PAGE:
records = [
rg.TextClassificationRecord(
)
for i, row in train_df.iterrows()
]

# build records from the test dataset with annotation
labels = ["HAM", "SPAM"]
records += [
rg.TextClassificationRecord(
text=row.text,
annotation=labels[row.label],
)
for i, row in test_df.iterrows()
]

# log records to Argilla
rg.log(records, name="weak_supervision_yt")


After this step, you have a fully browsable dataset available that you can access via the Argilla web app.

## 2. Define and manage rules#

Let’s now define some of the rules proposed in the tutorial Snorkel Intro Tutorial: Data Labeling.

Rules in Argilla can be defined and used in several ways, In particular: (1) using the UI, (2) using the Python client to add rules to the server, and (3) using the Python client to add additional rules locally, either using Python functions or Rule objects.

### Define rules using the UI#

Rules can be defined directly with our web app in the Define rules mode and Elasticsearch’s query strings.

### Define rules using the Python client#

Rules can also be defined programmatically as shown below. Depending on your use case and team structure you can mix and match both interfaces (UI or Python). Depending on your workflow, you can decide wether to use the add_rules method to add them to the dataset, or just apply them locally (without adding them to the Argilla dataset).

Let’s see here some programmatic rules:

[ ]:

from argilla.labeling.text_classification import Rule, WeakLabels

#  rules defined as Elasticsearch queries
check_out = Rule(query="check out", label="SPAM")
plz = Rule(query="plz OR please", label="SPAM")
subscribe = Rule(query="subscribe", label="SPAM")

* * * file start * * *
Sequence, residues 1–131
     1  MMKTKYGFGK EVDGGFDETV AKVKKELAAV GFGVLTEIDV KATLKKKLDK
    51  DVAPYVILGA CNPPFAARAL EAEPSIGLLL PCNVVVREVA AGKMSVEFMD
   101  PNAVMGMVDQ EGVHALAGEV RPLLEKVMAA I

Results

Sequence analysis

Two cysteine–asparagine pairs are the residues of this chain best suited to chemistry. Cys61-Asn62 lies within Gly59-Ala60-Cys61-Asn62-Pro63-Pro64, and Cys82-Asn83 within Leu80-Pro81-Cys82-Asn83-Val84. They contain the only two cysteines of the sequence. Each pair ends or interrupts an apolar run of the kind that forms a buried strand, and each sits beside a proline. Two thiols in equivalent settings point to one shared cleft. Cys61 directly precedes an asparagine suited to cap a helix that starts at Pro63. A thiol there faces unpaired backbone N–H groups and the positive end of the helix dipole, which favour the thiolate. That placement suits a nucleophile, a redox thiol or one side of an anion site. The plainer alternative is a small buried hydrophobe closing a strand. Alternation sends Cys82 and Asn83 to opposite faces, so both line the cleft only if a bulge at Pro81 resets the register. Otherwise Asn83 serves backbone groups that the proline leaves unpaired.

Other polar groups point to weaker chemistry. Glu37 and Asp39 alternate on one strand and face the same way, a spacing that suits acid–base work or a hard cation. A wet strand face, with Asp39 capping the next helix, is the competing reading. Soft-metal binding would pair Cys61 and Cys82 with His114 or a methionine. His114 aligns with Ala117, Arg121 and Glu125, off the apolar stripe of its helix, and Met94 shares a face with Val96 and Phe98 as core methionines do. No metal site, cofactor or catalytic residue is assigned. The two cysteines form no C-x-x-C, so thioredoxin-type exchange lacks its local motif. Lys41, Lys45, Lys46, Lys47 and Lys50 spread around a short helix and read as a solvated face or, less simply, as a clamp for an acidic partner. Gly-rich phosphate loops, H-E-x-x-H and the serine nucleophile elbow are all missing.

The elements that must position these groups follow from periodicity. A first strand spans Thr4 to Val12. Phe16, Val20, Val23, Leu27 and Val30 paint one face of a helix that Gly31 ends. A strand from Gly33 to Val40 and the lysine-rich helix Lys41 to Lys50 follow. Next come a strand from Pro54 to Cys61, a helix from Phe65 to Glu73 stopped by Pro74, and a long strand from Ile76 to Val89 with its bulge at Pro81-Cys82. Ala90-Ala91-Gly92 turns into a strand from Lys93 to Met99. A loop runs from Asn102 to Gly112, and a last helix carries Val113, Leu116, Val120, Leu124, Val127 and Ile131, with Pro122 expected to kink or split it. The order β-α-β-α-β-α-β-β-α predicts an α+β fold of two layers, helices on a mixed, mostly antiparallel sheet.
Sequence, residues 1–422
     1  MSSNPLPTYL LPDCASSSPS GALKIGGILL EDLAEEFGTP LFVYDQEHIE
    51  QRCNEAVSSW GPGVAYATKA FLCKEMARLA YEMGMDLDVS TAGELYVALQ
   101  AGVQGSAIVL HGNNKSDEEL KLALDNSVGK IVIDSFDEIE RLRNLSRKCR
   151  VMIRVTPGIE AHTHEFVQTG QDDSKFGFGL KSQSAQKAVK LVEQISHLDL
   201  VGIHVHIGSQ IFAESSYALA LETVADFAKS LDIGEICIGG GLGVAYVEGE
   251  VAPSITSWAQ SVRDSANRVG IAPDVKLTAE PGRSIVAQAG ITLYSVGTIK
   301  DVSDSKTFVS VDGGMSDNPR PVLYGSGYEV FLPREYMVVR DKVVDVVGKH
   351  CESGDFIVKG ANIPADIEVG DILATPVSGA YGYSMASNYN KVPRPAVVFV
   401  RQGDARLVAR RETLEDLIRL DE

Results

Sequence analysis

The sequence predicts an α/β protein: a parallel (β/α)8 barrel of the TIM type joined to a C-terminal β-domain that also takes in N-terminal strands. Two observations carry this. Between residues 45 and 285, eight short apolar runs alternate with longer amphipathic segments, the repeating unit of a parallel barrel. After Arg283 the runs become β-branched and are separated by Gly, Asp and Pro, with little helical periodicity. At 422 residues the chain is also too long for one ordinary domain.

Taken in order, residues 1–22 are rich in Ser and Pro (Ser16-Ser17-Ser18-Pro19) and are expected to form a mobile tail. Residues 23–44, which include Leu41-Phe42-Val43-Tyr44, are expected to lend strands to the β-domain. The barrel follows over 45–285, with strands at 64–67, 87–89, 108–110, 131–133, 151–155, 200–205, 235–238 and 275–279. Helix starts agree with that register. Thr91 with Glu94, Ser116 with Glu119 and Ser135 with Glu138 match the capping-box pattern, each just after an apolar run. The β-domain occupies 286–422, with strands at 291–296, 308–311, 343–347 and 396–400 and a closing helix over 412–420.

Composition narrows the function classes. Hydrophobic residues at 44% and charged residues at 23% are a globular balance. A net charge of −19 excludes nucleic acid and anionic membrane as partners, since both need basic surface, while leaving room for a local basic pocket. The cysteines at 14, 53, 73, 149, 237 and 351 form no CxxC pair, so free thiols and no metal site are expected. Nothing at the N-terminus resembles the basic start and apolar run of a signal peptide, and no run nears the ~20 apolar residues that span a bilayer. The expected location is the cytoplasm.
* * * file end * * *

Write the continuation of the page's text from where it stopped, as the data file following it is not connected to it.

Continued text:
my = Rule(query="my", label="SPAM")
song = Rule(query="song", label="HAM")
love = Rule(query="love", label="HAM")


You can also define plain Python labeling functions:

[ ]:

import re

# rules defined as Python labeling functions
def contains_http(record: rg.TextClassificationRecord):
if "http" in record.inputs["text"]:
return "SPAM"

def short_comment(record: rg.TextClassificationRecord):
return "HAM" if len(record.inputs["text"].split()) < 5 else None

def regex_check_out(record: rg.TextClassificationRecord):
return (
"SPAM" if re.search(r"check.*out", record.inputs["text"], flags=re.I) else None
)


You can load your predefined rules and convert them to Rule instances, and add them to dataset

[ ]:

labeling_rules_df = pd.read_csv("../../_static/datasets/weak_supervision_tutorial/labeling_rules.csv")

[23]:

# preview labeling rules

[23]:

Unnamed: 0 query label
1 1 rich SPAM
2 2 film HAM
3 3 meeting HAM
4 4 help HAM
[ ]:

predefined_labeling_rules = []
for index, row in labeling_rules_df.iterrows():
predefined_labeling_rules.append(
Rule(row["query"], row["label"])
)


## 3. Building and analyzing weak labels#

[ ]:

from argilla.labeling.text_classification import load_rules, add_rules, delete_rules

# bundle our rules in a list
rules = [
check_out,